The book I’m reading now is Richard Stark’s NOBODY RUNS FOREVER, the latest adventure featuring Parker, the tough-as-nails noir thief. This has all the elements of a good genre novel: furious pace, prose that keeps the action moving while giving maximum characterization in minimum description, and the rise and fall that leads to the inevitable “gotcha” moment at the end. Stark (really Donald Westlake, for those not in the know) has been writing these kinds of books for more than 40 years. His craftsmanship is superb, the execution near-perfect. But most of all, I believe he’s learned exactly what his limitations are, where his natural voice lies, and what works and what does not. If he tried to write a book like CASE HISTORIES in the way that Atkinson did, it would fail miserably. Instead, if he did so under his real name, it would be some kind of comedy of errors a la Dortmunder. And if Stark handled the reins, Brodie would be a criminally minded type about to have some serious problems dog him throughout the entire book.
So Westlake doesn’t transcend genre. But does that make him any better or worse? Obviously not. And lord knows he’s had the talent and the craft to keep writing as well as long as he has. Many writers, both crime and literary novelists, have a whole lot to learn from him.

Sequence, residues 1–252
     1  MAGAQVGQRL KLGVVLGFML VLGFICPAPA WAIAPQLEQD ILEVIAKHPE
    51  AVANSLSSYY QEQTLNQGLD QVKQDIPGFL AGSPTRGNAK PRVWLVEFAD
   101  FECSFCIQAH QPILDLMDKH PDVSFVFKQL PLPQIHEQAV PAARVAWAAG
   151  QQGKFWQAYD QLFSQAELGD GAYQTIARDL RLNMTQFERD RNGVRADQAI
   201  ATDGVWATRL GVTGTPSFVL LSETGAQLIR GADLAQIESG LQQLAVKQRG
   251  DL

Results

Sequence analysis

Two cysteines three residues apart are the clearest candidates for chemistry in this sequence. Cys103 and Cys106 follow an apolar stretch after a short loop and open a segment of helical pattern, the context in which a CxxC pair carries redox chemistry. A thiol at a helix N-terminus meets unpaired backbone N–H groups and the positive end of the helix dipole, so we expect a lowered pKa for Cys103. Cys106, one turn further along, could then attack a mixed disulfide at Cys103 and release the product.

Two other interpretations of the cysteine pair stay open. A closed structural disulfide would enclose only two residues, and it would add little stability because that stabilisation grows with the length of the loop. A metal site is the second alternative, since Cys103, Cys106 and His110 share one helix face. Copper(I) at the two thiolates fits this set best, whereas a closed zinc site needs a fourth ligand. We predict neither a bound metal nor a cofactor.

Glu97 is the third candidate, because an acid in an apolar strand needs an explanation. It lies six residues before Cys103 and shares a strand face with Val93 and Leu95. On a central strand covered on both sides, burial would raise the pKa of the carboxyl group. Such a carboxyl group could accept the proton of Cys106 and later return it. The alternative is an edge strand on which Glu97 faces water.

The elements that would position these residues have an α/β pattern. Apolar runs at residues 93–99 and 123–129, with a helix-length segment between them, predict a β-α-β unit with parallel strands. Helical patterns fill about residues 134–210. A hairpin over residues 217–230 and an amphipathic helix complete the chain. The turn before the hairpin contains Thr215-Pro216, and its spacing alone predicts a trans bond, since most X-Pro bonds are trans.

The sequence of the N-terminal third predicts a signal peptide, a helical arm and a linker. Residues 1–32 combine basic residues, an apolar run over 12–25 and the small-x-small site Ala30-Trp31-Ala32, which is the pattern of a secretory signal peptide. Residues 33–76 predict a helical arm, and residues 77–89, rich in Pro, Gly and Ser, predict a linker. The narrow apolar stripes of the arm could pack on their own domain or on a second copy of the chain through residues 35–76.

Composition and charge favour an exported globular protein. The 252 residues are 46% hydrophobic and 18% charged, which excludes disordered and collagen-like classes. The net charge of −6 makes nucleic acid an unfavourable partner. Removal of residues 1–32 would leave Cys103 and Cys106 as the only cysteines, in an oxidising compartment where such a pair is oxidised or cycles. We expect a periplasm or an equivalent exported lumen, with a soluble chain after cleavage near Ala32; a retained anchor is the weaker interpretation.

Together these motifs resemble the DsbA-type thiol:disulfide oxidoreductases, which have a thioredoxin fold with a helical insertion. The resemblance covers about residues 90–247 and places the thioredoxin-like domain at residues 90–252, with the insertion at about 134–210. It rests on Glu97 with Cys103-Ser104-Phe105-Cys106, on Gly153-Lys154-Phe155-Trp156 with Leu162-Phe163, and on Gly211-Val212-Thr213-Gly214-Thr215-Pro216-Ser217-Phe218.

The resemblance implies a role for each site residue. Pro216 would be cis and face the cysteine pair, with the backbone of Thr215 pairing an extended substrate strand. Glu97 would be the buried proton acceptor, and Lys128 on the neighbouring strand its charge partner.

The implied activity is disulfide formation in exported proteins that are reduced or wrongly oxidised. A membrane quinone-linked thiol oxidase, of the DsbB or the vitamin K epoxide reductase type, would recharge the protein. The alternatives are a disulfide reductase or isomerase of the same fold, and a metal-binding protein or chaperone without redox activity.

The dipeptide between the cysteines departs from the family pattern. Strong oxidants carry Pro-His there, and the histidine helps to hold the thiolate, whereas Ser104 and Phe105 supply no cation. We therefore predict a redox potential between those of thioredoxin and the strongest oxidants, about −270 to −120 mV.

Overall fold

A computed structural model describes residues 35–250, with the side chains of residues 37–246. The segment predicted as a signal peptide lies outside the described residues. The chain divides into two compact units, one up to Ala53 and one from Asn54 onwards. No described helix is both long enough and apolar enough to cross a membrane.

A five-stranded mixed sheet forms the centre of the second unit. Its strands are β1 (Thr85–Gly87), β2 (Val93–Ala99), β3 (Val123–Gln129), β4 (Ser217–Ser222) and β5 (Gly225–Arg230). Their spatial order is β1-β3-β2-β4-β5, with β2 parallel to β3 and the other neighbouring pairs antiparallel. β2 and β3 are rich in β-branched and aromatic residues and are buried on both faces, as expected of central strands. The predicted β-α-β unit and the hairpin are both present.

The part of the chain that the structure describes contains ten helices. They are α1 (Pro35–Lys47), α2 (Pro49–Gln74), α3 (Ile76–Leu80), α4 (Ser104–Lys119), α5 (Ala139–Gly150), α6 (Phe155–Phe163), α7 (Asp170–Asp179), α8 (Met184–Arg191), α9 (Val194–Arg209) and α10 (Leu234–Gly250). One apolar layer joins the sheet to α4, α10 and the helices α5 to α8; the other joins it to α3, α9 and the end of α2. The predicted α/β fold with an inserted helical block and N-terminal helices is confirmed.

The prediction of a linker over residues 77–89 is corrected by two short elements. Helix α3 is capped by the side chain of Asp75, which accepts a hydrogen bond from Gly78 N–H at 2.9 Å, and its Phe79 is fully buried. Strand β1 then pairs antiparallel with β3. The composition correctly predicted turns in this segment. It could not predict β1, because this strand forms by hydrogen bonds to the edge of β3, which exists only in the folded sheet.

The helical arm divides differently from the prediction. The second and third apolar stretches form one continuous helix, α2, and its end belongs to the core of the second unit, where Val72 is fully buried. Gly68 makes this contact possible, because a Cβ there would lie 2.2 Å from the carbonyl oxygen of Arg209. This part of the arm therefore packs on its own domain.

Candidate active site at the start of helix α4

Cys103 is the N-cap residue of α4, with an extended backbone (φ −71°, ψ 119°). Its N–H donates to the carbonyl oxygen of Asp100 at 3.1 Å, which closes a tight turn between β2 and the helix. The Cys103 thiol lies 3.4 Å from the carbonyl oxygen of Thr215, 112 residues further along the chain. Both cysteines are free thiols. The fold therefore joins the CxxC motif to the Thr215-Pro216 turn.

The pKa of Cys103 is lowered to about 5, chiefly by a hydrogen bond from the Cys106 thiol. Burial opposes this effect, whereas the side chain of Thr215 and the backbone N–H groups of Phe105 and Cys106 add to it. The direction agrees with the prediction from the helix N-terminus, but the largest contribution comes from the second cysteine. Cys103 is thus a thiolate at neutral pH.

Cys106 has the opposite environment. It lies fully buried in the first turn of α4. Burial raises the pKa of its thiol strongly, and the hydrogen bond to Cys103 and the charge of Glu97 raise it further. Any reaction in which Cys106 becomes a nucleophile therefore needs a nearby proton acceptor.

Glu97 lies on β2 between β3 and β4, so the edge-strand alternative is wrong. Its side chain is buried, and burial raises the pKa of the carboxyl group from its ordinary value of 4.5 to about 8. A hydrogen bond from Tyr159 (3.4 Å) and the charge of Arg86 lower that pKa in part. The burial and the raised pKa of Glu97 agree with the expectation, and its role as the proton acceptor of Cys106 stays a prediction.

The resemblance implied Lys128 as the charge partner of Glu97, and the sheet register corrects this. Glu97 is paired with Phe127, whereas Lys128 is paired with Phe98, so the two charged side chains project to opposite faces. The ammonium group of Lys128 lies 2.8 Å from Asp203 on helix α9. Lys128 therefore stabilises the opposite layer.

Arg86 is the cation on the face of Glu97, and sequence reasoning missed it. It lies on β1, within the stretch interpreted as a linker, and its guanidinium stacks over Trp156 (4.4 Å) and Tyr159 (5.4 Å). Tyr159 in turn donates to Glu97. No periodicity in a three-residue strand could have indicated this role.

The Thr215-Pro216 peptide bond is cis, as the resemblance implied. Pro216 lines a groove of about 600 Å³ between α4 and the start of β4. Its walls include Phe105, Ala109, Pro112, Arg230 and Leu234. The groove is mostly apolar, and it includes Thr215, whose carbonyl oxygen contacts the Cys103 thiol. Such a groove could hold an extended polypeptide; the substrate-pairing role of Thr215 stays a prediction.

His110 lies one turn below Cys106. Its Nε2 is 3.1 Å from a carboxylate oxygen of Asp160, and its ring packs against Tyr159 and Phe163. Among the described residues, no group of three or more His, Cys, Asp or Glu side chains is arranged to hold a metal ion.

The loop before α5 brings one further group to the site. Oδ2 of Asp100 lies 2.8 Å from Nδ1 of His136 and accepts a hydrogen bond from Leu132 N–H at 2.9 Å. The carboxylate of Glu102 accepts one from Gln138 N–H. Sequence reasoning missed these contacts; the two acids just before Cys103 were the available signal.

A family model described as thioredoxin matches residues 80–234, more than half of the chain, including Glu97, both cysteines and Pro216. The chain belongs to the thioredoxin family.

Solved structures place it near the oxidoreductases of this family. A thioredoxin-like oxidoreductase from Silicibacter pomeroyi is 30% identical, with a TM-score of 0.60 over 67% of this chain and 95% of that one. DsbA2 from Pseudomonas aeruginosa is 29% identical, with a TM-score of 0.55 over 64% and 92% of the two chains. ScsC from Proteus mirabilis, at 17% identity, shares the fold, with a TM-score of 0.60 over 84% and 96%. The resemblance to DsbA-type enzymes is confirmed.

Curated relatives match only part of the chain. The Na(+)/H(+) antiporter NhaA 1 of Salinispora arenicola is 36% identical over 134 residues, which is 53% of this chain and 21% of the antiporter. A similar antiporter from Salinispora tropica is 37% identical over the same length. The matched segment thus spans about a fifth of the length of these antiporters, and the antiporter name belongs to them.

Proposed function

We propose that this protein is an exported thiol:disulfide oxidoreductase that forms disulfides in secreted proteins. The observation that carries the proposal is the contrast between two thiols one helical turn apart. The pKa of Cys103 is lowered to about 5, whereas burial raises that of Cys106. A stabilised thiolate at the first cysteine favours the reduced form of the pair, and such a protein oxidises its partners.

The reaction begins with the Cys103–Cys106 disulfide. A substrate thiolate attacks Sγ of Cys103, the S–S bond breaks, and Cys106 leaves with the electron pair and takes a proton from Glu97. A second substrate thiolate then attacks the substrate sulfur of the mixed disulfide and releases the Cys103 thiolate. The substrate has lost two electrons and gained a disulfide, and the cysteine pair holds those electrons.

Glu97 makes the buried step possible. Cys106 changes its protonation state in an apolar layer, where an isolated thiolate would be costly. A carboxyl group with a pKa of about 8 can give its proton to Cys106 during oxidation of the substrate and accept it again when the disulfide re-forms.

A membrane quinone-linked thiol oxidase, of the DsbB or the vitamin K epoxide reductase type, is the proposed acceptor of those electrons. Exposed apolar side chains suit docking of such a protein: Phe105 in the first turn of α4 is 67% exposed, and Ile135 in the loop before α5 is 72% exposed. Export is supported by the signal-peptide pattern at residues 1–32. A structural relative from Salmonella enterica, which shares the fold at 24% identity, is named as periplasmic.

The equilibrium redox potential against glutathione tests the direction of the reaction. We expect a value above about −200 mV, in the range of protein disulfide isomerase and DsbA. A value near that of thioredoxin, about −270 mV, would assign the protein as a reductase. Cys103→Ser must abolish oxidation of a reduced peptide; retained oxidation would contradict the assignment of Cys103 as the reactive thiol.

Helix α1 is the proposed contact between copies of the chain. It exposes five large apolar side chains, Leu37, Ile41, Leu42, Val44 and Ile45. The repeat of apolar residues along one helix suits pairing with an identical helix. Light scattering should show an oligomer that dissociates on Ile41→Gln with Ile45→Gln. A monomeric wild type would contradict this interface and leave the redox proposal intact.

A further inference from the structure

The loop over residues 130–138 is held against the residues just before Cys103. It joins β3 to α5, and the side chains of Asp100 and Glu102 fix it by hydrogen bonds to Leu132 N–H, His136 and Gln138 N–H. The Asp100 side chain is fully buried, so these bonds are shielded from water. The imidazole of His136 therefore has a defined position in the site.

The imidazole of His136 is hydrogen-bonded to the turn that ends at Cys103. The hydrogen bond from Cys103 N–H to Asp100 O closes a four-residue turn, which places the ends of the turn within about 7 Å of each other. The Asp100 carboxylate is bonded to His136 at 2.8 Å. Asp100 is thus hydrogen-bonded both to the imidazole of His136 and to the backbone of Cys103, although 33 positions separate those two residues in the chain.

I’ve just described two writers doing very different things, and reasonably comfortable with their powers. But occasionally, the fit isn’t so snug, and the writer’s trying to rein in their voice in genre trappings when it’s just bursting to get out. Or the converse, where a writer goes for a bigger, broader novel and discovers that he or she simply doesn’t have the ability to handle bigger questions in the same way they did smaller ones. And then there are those that simply ask the wrong questions but don’t realize it until the book is finished, and then it’s too late to go back and change it.
Writing is all about wanting. Whether to tell a story, to seek answers to questions, to resolve subconscious situations, to explore emotions and feelings, or to get to know different characters and locales. But the thing about wanting is that you can’t always get it, and that many times, you end up getting what you need instead of what you want. So some writers may want to write a certain book, tell the story in a certain way. And discover they can’t do it. Or discover that they do it in a way that’s categorically different than what they intended. And sometimes, the end result is what should have been all along. Other times, it’s just an interesting failure.